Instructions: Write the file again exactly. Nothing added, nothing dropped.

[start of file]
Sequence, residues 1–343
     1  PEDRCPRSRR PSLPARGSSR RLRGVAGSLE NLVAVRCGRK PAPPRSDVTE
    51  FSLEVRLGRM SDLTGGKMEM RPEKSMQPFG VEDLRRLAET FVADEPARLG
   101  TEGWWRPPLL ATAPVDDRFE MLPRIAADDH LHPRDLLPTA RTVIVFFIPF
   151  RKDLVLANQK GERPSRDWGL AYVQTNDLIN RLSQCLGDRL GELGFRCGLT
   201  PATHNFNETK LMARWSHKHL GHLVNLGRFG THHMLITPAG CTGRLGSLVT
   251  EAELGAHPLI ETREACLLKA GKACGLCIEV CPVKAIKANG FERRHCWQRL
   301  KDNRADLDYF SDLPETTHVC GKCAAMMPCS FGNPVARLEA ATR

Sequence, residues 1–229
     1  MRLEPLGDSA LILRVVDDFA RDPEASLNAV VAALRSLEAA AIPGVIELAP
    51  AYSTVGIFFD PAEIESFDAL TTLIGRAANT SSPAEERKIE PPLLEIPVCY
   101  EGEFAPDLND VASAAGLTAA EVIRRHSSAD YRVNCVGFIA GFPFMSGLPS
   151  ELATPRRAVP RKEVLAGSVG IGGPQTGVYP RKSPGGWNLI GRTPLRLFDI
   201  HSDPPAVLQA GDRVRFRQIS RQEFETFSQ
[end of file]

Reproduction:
Sequence, residues 1–343
     1  PEDRCPRSRR PSLPARGSSR RLRGVAGSLE NLVAVRCGRK PAPPRSDVTE
    51  FSLEVRLGRM SDLTGGKMEM RPEKSMQPFG VEDLRRLAET FVADEPARLG
   101  TEGWWRPPLL ATAPVDDRFE MLPRIAADDH LHPRDLLPTA RTVIVFFIPF
   151  RKDLVLANQK GERPSRDWGL AYVQTNDLIN RLSQCLGDRL GELGFRCGLT
   201  PATHNFNETK LMARWSHKHL GHLVNLGRFG THHMLITPAG CTGRLGSLVT
   251  EAELGAHPLI ETREACLLKA GKACGLCIEV CPVKAIKANG FERRHCWQRL
   301  KDNRADLDYF SDLPETTHVC GKCAAMMPCS FGNPVARLEA ATR

Sequence, residues 1–229
     1  MRLEPLGDSA LILRVVDDFA RDPEASLNAV VAALRSLEAA AIPGVIELAP
    51  AYSTVGIFFD PAEIESFDAL TTLIGRAANT SSPAEERKIE PPLLEIPVCY
   101  EGEFAPDLND VASAAGLTAA EVIRRHSSAD YRVNCVGFIA GFPFMSGLPS
   151  ELATPRRAVP RKEVLAGSVG IGGPQTGVYP RKSPGGWNLI GRTPLRLFDI
   201  HSDPPAVLQA GDRVRFRQIS RQEFETFSQ